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Rosie Right 

Our language and how it works.

Borrowed and Blue

Do you loan something to someone? Or do you lend it? If you have already made the decision, have you loaned or lent your pen?

This seems to trouble a lot of us who want to use words correctly, and in almost any usage book, you can find a discussion of this dilemma.

Reader Micki Warren has called to ask which word is correct. That is not easy or maybe even possible, but Theodore Bernstein, in his book "The Careful Writer," puts it succinctly:

"Dictionaries and most other authorities sanction loan as a verb in American usage. Yet probably because a British influence has been at work, most writers who observe the niceties seem to prefer lend, although some accept loan in financial contexts … and in art contexts. … If your ear is not offended by 'Loan me your pen' or by 'Friends, Romans, countrymen, loan me your ears,' the authorities are right so far as you are concerned. The rest of us will continue to prefer lend, though we recognize that loan has a basis in both history and usage."

Ms. Warren's other question was whether one should spell canceled with one or two. During bad weather she has seen it spelled both ways on reports of closings. There is an easy answer to this one.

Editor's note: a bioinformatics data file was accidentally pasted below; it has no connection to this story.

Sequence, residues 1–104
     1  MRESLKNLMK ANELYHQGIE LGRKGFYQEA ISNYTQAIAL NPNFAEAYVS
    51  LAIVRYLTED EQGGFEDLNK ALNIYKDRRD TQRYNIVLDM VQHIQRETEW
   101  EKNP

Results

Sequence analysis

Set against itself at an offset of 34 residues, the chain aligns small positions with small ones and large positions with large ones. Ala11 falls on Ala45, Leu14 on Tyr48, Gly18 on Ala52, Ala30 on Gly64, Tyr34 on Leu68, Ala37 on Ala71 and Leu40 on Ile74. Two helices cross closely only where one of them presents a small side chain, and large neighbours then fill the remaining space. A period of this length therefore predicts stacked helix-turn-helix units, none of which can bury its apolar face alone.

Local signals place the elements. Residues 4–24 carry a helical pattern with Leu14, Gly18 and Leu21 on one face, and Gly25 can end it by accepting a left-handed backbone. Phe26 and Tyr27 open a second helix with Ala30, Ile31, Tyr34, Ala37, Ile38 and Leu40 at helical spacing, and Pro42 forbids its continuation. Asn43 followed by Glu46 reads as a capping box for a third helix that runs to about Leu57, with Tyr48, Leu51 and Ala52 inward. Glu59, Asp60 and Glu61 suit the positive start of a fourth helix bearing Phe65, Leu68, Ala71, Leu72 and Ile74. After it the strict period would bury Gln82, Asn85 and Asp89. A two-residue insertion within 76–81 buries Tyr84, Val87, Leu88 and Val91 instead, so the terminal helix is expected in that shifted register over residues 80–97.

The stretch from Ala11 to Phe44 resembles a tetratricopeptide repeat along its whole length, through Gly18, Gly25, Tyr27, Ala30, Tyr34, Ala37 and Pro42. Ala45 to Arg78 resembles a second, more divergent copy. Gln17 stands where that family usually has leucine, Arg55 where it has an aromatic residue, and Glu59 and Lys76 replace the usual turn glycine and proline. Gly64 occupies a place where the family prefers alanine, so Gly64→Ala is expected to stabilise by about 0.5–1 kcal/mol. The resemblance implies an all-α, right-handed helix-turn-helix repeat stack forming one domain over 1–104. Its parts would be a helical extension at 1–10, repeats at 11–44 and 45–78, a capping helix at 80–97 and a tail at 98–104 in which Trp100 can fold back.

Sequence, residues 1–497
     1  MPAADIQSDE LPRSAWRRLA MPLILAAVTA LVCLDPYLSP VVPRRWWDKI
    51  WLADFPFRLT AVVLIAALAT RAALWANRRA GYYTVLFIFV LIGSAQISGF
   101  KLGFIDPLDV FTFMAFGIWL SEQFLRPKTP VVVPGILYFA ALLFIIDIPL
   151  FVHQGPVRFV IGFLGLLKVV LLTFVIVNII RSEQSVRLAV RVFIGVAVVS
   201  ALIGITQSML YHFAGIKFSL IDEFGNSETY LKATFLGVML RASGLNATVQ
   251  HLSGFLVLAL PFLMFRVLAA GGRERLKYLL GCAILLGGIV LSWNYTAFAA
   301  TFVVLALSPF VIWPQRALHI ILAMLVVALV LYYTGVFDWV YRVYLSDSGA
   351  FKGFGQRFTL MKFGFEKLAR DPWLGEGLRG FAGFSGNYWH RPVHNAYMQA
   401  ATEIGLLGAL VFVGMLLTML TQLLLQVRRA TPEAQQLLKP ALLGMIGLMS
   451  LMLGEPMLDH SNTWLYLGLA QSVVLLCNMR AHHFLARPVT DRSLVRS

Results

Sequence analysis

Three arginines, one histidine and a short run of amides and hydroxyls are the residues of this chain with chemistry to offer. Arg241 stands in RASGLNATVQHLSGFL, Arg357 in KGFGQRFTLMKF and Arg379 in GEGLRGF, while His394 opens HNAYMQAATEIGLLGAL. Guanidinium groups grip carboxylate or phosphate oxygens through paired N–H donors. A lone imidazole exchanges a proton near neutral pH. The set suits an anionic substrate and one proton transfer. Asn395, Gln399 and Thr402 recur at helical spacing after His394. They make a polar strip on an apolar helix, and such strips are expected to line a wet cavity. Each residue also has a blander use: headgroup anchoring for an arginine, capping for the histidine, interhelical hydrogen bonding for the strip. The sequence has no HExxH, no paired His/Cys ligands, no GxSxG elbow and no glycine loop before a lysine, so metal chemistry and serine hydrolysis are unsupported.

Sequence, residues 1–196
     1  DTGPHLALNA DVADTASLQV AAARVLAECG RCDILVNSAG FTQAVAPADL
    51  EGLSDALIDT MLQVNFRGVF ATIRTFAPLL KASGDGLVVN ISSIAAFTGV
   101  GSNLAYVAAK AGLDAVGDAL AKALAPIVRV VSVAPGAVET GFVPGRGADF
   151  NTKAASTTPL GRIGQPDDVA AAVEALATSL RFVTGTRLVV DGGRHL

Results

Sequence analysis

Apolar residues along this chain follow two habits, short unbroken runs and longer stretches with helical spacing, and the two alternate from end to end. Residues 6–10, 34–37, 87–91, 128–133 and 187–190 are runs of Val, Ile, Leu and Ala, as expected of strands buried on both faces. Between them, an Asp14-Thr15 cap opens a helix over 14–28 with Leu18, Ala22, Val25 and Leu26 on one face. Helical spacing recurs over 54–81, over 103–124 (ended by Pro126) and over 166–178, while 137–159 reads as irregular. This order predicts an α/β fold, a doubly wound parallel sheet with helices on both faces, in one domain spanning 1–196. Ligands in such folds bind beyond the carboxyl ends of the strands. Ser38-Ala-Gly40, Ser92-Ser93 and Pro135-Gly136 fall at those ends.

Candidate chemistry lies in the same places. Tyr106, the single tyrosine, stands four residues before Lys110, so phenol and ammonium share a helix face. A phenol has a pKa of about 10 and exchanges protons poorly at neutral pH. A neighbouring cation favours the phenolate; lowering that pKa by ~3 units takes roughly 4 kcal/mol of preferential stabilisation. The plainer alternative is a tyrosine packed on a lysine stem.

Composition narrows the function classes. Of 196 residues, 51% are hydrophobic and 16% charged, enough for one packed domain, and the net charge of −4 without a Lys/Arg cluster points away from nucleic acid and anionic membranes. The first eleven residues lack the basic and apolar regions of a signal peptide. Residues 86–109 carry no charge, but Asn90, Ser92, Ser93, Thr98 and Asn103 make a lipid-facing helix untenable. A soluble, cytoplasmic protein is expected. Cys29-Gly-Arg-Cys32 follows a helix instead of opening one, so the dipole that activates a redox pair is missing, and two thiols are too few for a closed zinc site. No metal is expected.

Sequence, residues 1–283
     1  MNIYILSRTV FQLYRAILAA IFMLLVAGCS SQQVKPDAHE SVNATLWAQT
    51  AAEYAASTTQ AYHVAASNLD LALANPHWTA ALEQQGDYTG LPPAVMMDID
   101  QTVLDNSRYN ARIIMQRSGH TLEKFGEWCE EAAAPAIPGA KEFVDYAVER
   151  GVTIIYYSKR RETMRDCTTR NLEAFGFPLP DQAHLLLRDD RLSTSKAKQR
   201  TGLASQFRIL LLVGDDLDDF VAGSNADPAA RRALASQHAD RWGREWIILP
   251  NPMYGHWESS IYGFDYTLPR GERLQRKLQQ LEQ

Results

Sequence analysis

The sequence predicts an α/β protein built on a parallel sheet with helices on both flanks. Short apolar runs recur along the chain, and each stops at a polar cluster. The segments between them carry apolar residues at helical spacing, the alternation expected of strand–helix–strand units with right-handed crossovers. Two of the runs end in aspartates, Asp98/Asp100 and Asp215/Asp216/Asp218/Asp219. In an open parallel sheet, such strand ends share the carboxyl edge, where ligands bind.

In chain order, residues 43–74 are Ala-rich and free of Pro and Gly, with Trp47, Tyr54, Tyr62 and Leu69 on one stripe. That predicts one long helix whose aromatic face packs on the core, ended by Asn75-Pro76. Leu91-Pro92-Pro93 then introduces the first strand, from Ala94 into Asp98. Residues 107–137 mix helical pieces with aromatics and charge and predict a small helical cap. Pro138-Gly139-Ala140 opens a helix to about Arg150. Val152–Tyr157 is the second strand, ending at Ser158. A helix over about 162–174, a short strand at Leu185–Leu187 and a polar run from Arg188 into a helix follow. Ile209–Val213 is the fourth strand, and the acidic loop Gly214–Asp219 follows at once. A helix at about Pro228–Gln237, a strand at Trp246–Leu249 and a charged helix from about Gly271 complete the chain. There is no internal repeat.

The dictionary that the Associated Press recommends (Webster's New World College Dictionary Fourth Edition) spells it first with one l and next with two. This means that we here at Style will follow the first recommendation — one l.

The double l is clearly the English spelling. The Oxford English Dictionary gives no examples of "canceled," but if you look up "cancelled," you will find examples of its use beginning in the 16th century.

Oh No!

In a Feb. 21 New York Times column by Peter Funt, host of "Candid Camera," we are told that Hillary Clinton tries as often as she can to use the name Hillary without the Clinton: "Is it because she doesn't wish to draw attention to her marriage to the former president? … More likely it's because she knows that she's the only candidate whose name lends itself to Oprahization."

I, for one, am not nominating "Oprah-ization" for the word of 2007. S

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